Humans may have moved out of the trees, but some of us are still wandering around with vestiges of our arboreal ancestors: a flexible, chimp-like foot that bends in the middle.
After observing almost 400 adults walking barefoot around the Boston Museum of Science, researchers found that 8 percent of participants had a flexible midtarsal break in their foot, with a plantar pressure signature (where pressure is put on the foot) as had previously only been found in ape footprints.
People with a mid-foot break had flatter feet, and were likely to have a higher BMI than participants with rigid feet. Though the break was obvious to the researchers watching people walk, the subjects themselves were unaware of the difference, and it didn't affect their gait.
It's possible that the flexible joint is a vestige of our tree-climbing primate ancestors, but the study's lead author, Jeremy DeSilva, theorizes that the characteristic could have also popped up more recently due to the way shoes affect our feet. He told New Scientist he plans to test whether or not bendy feet make walking less efficient next.
...waits for the "WE AREN"T MONKEYS!" comments...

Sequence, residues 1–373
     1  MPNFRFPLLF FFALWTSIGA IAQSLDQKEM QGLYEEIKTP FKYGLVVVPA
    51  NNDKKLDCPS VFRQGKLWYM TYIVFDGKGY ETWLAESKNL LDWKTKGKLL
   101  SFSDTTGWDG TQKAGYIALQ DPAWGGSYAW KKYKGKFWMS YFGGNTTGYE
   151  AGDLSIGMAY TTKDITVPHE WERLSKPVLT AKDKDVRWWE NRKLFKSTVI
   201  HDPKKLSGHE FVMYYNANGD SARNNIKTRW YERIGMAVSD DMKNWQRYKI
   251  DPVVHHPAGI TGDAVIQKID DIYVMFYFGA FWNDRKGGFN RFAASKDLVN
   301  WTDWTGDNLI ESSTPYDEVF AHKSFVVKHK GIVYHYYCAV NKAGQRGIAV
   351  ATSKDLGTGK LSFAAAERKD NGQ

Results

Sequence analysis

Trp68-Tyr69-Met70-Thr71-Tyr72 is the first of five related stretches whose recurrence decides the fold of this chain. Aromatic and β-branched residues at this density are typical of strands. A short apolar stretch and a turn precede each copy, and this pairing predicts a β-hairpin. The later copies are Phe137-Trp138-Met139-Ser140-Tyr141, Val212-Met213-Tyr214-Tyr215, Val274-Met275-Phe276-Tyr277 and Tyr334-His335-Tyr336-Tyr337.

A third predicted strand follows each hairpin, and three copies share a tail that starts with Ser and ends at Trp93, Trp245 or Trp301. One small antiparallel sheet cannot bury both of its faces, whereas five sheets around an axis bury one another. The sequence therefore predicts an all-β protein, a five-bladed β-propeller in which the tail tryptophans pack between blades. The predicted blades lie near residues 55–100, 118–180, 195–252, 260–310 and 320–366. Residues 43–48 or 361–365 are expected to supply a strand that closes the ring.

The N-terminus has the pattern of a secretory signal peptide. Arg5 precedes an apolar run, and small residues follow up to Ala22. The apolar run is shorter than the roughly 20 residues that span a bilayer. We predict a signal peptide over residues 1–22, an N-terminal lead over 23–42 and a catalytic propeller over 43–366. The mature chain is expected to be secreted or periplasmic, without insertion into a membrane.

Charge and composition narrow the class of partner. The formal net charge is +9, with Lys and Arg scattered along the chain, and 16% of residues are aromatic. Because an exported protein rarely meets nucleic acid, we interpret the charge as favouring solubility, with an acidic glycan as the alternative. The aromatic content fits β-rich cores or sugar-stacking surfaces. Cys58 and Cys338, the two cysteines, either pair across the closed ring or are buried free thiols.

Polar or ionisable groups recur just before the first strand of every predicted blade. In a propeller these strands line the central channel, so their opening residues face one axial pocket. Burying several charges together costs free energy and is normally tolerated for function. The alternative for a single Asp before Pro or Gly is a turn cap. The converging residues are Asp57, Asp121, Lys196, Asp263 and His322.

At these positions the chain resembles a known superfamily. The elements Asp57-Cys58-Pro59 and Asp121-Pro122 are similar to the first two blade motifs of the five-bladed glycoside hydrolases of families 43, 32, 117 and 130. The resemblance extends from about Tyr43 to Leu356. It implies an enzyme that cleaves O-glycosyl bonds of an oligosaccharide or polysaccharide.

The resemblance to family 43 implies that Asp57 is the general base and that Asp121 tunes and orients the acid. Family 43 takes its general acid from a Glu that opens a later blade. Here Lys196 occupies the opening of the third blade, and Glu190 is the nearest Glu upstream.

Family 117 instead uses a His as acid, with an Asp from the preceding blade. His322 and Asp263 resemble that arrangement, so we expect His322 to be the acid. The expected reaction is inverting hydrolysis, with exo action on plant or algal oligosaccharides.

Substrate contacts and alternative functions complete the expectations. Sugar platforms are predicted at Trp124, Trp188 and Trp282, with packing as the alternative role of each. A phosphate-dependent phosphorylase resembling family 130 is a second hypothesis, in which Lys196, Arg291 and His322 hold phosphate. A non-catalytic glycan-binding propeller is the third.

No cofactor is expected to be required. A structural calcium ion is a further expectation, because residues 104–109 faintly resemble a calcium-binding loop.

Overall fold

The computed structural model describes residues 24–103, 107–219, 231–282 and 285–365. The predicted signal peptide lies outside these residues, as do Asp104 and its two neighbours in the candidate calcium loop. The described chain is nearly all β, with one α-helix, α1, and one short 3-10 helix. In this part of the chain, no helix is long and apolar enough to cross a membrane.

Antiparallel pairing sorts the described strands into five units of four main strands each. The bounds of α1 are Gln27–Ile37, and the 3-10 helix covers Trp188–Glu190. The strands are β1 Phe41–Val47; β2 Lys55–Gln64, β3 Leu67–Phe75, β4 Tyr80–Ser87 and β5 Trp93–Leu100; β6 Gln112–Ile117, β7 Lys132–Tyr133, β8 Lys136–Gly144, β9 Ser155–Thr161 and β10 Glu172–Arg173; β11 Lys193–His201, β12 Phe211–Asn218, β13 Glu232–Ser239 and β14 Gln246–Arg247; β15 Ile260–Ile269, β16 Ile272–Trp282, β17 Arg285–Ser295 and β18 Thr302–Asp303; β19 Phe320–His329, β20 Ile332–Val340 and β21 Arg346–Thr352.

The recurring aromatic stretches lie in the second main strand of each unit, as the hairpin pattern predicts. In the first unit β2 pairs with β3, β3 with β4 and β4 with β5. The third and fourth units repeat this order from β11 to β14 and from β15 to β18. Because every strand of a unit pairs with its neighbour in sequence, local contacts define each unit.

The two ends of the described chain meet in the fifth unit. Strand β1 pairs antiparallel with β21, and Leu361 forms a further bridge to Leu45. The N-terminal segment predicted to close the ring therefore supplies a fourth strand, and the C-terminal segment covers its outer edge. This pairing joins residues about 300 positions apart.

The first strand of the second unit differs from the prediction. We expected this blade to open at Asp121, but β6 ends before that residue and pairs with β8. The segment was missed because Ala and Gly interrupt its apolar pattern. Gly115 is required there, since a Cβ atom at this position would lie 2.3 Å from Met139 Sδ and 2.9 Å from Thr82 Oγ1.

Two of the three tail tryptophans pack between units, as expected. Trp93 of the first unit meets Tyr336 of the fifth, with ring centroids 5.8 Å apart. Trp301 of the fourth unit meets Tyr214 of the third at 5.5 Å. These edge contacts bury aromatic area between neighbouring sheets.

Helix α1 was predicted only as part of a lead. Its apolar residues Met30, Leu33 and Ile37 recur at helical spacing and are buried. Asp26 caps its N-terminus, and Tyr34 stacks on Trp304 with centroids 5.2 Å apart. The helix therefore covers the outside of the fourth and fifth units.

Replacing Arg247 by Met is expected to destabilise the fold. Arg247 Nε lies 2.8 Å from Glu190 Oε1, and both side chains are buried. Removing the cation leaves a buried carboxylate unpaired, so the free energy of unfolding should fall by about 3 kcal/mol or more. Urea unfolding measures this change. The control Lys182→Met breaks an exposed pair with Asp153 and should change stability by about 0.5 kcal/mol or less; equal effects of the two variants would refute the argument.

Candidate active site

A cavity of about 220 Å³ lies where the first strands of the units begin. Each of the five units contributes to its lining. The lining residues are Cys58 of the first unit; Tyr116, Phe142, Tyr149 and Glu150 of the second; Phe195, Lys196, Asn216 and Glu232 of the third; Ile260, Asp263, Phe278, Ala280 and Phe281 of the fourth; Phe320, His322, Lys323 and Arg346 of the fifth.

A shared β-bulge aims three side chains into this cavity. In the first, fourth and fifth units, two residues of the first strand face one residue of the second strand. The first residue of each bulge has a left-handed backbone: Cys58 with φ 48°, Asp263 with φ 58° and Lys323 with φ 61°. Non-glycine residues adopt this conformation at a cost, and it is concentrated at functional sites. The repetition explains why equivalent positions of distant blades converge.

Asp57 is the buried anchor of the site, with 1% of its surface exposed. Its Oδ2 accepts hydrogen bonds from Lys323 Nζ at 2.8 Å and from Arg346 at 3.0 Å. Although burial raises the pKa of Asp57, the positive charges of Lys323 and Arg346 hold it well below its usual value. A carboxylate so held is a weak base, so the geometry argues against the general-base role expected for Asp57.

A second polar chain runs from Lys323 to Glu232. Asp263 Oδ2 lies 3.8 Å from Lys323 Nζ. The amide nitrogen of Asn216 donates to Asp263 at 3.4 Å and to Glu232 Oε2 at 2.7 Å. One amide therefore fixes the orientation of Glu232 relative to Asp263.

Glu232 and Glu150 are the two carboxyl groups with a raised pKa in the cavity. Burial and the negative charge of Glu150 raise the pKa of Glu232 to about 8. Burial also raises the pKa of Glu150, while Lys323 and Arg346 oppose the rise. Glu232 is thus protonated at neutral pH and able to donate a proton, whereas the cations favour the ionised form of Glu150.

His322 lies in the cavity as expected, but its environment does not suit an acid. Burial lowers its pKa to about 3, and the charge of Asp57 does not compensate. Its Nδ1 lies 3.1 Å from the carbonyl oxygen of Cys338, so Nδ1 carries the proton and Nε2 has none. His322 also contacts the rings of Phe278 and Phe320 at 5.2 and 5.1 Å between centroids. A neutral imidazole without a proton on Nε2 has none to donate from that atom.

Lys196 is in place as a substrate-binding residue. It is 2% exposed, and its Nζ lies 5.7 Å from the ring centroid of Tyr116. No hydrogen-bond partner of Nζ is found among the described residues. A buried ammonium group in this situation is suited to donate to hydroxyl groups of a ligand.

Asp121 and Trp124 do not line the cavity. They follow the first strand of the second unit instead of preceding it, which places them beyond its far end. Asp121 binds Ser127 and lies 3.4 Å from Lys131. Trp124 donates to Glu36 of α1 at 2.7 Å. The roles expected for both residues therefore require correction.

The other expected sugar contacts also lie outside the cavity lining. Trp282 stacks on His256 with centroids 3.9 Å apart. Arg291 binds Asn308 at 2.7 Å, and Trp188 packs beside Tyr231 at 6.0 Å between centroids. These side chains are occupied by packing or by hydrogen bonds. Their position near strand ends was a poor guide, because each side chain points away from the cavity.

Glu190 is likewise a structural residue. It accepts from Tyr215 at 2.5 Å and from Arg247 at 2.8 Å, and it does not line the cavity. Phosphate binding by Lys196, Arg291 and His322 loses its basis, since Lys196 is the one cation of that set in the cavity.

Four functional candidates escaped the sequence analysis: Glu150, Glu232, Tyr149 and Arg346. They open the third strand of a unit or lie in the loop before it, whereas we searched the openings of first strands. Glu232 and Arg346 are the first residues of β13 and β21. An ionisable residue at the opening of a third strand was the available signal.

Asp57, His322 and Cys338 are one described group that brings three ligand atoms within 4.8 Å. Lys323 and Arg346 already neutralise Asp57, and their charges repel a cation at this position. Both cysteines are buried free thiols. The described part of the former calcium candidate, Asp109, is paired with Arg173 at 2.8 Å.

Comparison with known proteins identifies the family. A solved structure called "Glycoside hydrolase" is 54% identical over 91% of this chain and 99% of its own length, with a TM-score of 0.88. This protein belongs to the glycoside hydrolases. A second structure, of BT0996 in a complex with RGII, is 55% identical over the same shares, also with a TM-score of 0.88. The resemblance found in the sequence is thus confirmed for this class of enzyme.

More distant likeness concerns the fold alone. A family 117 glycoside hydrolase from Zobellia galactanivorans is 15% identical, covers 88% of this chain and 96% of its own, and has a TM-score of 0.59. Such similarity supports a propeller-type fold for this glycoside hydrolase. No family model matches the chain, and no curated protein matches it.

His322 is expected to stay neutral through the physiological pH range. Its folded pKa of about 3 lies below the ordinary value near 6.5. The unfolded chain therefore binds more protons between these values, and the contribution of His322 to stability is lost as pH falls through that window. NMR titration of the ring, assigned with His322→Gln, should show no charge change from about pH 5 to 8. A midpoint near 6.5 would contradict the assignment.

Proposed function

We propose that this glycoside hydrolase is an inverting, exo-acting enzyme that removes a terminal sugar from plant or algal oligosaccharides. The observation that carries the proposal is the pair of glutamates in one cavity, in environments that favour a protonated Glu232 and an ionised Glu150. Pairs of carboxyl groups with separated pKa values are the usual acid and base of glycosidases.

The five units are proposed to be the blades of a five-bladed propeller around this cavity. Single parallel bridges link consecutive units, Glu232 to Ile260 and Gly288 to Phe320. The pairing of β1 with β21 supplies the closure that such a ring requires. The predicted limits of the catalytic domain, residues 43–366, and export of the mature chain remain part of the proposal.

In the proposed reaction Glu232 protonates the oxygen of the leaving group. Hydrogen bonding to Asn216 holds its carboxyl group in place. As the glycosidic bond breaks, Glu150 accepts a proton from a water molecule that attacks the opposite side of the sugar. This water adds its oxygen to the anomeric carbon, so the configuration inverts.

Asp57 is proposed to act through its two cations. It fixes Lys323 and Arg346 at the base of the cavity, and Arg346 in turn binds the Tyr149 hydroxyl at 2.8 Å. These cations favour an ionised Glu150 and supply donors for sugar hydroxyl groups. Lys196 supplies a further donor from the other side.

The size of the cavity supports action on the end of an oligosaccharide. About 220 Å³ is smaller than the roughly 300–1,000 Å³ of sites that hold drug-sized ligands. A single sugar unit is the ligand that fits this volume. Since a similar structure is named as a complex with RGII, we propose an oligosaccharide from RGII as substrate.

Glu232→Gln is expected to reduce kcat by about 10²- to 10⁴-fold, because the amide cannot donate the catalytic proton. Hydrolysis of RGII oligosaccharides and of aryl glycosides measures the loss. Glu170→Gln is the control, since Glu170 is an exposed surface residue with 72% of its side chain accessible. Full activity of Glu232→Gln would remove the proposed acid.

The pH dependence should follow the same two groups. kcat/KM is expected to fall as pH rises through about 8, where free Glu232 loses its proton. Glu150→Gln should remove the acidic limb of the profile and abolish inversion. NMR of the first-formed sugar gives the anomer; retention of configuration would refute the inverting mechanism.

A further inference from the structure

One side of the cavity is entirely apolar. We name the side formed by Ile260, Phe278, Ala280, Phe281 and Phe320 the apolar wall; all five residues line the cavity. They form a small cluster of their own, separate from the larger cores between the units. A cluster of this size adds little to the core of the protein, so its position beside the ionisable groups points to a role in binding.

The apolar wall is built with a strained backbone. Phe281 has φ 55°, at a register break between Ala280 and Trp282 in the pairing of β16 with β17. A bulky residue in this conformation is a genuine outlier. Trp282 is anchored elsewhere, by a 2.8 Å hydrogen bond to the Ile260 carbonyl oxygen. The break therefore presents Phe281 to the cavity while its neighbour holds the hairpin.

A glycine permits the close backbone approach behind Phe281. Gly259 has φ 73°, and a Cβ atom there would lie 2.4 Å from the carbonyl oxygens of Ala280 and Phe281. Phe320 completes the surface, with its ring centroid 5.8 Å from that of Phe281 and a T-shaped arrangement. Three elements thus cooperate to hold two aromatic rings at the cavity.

WE AREN'T MONKEYS! (We're Apes.)
Ah shucks, look at that boy; he is a chimp of the o'block!
Actually humans are product of development by an ancient interfering alien visitors (Miss name by observing ancient local peoples as Gods and so the name just stuck.) to planet Earth that tweak a few of the more natural develop primates DNA several times.
I think these researchers are missing something pretty obvious. They state that the majority of those showing this bend in the middle of the foot have a high BMI (meaning they're fat), maybe carrying all that extra weight has caused the "usually stiff ligaments that keep the foot from bending there" to become weak, therefore allowing their feet to bend where they shouldn't!
Excellent point sir, even those with lower BMIs could be accounted for by weak ligaments. To conclude it is an atavism is premature. Detailed analysis of the bone and ligament structure of those individuals is needed to determine if there are any anatomical abnormalities.